A chance discovery almost four decades ago unearthed a 200-year-old piece of history unlike any Robert Whitby had seen before or since – a newspaper detailing the voyage of James Cook’s HMS Endeavour to discover Australia.
Mr Whitby, whose granddaughter Leesa now lives in Gunnedah, was working with the shire council in the 1970s connecting sewerage mains in the Upper Hunter town of Merriwa.
During the excavation, his works’ team discovered two glass bottles buried in the ground – one containing an assortment of coins and the other, an old newspaper.
Seizing the chance for a possible quick payday, the discovery spurred one of his colleagues to grab the bottle of coins and flee, never to be seen again according to Mr Whitby.
But the opportunistic action left Mr Whitby with an item potentially more valuable.
Inside the remaining bottle was a newspaper – the London Gazette, dated Friday, August 19, 1768.
Among that day’s lead stories was an article titled ‘Secret Voyage’ and ‘Search for unknown continent south of the equator’ which detailed an imminent expedition to find a presumed land called “Terra Australis” – what is now Australia.
“Endeavour, under its Commander, Lt James Cook, is awaiting fair winds to begin its long voyage to the Pacific Ocean island of Tahiti to observe, for the Royal Society, the transit of the planet Venus across the face of the sun,” the article reads.
“In view of extensive preparations being undertaken, your correspondent asks whether this scientific study is the only reason for the voyage of the Endeavour?
“We have received certain information to the contrary, but this is denied by the Lords of the Admiralty and by Lt Cook himself.
“Discussions have long been pursued by men of knowledge concerning the existence of this mysterious continent.”
Other articles in the newspaper that day included a report of a duel between a Lord and a Captain and the story of a “gambling gentleman from the East Indies who was stripped not only of his fortune but his house, furniture, plate and linen”.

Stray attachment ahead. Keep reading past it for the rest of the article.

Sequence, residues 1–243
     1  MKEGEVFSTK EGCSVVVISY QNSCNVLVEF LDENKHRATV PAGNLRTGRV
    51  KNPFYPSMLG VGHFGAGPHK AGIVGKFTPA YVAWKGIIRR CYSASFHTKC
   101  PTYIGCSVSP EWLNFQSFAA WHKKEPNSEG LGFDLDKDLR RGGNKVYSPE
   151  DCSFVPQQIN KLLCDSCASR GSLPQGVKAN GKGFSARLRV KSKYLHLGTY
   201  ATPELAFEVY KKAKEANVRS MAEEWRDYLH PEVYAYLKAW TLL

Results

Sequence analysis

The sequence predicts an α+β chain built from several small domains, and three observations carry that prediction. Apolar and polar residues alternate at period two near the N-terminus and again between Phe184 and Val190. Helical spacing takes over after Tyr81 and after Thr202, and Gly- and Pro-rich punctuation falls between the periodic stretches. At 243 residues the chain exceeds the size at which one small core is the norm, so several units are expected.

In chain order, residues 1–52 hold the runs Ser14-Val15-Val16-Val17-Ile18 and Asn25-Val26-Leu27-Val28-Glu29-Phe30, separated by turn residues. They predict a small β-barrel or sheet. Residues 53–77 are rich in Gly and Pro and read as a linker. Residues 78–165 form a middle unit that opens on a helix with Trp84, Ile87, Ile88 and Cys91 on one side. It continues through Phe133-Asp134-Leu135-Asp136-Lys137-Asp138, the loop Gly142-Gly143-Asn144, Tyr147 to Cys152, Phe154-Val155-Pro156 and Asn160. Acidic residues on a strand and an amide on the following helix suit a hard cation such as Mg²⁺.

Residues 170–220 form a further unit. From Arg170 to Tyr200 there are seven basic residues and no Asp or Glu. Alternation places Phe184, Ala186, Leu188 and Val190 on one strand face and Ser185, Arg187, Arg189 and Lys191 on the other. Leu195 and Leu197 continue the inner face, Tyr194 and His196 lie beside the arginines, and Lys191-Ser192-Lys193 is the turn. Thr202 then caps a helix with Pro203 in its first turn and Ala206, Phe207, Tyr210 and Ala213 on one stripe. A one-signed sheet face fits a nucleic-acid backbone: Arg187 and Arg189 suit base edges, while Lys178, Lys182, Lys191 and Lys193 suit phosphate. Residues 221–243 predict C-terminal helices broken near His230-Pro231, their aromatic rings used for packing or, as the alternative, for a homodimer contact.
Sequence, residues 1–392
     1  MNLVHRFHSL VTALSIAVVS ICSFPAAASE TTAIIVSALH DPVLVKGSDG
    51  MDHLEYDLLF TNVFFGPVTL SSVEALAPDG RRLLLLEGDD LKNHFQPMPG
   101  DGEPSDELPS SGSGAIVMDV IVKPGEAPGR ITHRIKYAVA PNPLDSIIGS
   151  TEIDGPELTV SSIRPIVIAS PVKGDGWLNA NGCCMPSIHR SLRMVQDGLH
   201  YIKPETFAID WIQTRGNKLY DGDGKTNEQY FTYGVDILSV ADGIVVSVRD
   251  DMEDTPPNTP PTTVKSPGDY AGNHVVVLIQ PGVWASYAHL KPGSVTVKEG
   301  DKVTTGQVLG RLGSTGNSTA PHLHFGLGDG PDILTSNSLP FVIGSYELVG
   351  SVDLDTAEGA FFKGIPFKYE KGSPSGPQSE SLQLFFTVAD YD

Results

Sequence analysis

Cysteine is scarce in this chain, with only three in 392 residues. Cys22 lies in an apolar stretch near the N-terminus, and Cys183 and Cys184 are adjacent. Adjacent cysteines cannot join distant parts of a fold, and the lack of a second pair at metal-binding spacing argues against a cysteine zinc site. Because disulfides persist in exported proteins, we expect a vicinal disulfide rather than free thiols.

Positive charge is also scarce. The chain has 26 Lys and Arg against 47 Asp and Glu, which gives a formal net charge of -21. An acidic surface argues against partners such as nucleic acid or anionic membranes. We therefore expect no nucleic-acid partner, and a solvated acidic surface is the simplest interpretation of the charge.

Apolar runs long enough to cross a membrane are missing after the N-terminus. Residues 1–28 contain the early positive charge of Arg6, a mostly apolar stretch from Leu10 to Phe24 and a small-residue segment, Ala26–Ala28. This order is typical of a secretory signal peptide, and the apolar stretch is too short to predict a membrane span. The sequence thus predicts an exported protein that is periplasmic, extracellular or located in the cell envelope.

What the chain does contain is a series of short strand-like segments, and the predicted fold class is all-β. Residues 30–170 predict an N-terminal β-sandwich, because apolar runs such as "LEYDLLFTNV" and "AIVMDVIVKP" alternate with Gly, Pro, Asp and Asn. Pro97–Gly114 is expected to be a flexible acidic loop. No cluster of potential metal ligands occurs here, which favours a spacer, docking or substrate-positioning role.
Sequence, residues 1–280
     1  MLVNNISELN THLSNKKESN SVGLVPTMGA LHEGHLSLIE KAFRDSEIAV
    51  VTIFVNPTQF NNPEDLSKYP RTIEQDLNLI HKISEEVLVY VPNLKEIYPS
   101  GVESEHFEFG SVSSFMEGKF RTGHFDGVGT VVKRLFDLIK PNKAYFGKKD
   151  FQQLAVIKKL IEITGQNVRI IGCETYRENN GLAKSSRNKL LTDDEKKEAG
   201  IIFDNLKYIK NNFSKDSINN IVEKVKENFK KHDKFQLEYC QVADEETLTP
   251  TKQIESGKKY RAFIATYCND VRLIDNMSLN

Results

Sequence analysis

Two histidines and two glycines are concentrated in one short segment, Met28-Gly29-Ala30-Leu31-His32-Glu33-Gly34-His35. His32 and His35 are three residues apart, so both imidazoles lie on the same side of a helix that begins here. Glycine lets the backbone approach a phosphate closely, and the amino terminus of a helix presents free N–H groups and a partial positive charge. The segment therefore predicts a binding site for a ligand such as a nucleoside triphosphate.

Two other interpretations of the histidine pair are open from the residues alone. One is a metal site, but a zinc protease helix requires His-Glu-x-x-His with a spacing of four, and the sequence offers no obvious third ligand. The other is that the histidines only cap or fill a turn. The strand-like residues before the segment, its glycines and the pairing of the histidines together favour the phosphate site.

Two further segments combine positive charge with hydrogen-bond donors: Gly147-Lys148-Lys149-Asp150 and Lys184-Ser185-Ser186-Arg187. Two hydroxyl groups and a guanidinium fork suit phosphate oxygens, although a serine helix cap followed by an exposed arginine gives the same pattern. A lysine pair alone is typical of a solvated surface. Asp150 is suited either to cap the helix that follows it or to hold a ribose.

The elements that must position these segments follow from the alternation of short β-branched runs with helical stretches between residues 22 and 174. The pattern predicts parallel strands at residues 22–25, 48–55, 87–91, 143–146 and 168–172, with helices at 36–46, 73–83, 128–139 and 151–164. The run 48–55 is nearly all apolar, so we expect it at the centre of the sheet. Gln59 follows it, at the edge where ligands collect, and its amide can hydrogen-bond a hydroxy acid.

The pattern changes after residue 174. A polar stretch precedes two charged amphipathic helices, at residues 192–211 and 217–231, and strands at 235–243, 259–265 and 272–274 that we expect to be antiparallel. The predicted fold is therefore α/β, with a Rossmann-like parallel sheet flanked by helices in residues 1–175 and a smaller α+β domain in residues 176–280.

Another article headlined ‘Triumph for decency’ detailed how the design of ‘ladies bodice’ or upper garment would close at the front, meanwhile a separate story offered a reward for the capture of “villains” who stole from a Lord outside a coffee house.
The newspaper’s value is unknown but in any event, Mr Whitby is adamant, he will never part with his beloved piece of world history.
Mr Whitby’s grand-daughter, Leesa Parker, had heard about the existence of a historic newspaper among the family’s keepsakes but it was only recently she had seen it for herself.
“I have known about it since I was a teenager,” Leesa said.
“I had never laid eyes on it until a few months ago but [my grandfather] always used to tell me that he had it.
“I didn’t believe it but when I saw it, I was shocked.”
Another layer to this already remarkable story is that Leesa has indigenous heritage.
She said it was a strange feeling to be now in possession of a piece of history about the impending colonisation of her early ancestors.
Leesa thought it is perhaps also part of the reason why the family had kept it hidden for so long and “didn’t put much worth in it”.
But Leesa eventually convinced her mother that the newspaper had historical significance – for the good and bad – and the family had to find a way to showcase it.
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